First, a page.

Business confidence held steady at "not bad" levels in the National Bank's monthly survey.
A net 17 per cent of firms expect the general business situation to improve in the coming year, down one point on the November survey.
That was not a bad result given the economic news from the rest of the world, said the bank's chief economist, Cameron Bagrie.
"New Zealanders seem to be just getting on with it, albeit with occasional nervous glances over their shoulders at the slow-motion train wreck that is Europe," he said.
A net 26 per cent of businesses expect a lift in their own activity over the year ahead, down three points from last month and 18 points from the peak for that indicator in July.
"The agricultural sector is surprisingly pessimistic, given the outstanding spring growing conditions experienced around the country. Perhaps it's because they have traditionally been in the front line when it comes to global slowdowns," Bagrie said.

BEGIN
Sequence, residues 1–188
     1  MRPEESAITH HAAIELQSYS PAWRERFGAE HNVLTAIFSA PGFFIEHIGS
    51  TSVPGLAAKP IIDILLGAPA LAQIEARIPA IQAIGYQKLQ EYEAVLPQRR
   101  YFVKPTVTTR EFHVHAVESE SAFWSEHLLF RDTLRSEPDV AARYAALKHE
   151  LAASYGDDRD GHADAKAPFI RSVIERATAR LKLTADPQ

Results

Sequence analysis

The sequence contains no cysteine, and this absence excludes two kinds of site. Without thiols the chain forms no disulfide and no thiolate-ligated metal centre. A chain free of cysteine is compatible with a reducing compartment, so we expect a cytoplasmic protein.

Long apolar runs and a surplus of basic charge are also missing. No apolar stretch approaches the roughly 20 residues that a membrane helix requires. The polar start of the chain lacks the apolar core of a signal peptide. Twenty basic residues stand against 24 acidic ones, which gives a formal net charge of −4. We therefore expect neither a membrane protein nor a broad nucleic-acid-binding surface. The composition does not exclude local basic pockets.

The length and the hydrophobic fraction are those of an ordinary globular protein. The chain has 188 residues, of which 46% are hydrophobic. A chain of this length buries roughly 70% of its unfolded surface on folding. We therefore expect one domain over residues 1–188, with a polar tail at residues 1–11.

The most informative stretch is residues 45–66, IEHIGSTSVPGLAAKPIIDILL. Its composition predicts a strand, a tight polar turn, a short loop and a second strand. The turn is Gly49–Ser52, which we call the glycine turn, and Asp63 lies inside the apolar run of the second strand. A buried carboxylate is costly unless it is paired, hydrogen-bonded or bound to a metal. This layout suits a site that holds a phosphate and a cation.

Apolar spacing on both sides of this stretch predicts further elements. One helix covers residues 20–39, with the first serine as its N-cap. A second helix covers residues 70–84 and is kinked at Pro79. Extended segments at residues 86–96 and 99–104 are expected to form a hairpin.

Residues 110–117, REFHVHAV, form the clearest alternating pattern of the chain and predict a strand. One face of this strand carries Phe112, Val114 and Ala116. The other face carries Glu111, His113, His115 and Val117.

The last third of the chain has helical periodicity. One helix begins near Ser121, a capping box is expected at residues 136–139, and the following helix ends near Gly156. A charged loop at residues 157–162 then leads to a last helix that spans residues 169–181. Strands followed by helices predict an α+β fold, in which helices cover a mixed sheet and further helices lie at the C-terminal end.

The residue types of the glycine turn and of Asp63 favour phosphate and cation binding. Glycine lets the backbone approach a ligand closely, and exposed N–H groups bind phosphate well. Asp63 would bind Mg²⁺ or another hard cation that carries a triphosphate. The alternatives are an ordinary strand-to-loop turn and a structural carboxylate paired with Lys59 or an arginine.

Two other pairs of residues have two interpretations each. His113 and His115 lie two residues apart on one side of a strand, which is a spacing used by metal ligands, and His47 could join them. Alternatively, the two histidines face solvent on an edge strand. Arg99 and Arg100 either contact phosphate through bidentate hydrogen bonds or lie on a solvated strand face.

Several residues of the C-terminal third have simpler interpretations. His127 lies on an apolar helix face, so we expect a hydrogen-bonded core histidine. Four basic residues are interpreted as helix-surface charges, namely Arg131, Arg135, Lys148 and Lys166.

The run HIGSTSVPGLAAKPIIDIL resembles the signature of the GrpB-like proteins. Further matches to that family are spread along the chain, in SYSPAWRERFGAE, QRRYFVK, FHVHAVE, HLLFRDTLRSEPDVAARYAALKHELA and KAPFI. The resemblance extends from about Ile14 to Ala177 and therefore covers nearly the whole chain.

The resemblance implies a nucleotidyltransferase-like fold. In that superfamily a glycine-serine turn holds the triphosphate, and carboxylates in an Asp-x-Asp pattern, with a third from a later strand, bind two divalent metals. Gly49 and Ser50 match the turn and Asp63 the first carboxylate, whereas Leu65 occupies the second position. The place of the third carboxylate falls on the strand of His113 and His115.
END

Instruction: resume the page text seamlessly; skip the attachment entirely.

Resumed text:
Other indicators in the survey were mixed.
Employment intentions fell, but investment intentions rose to a four-month high.
Pricing intentions eased, with a net 17 per cent of firms expecting to raise their prices - half the net balance back in May.
But profit expectations improved for the second month in a row, though to a level still well below its mid-year high.
Overall these indicators remained "solid" relative to their historical averages, Bagrie said.
"In the broader picture things are slipping a little, and this is entirely understandable."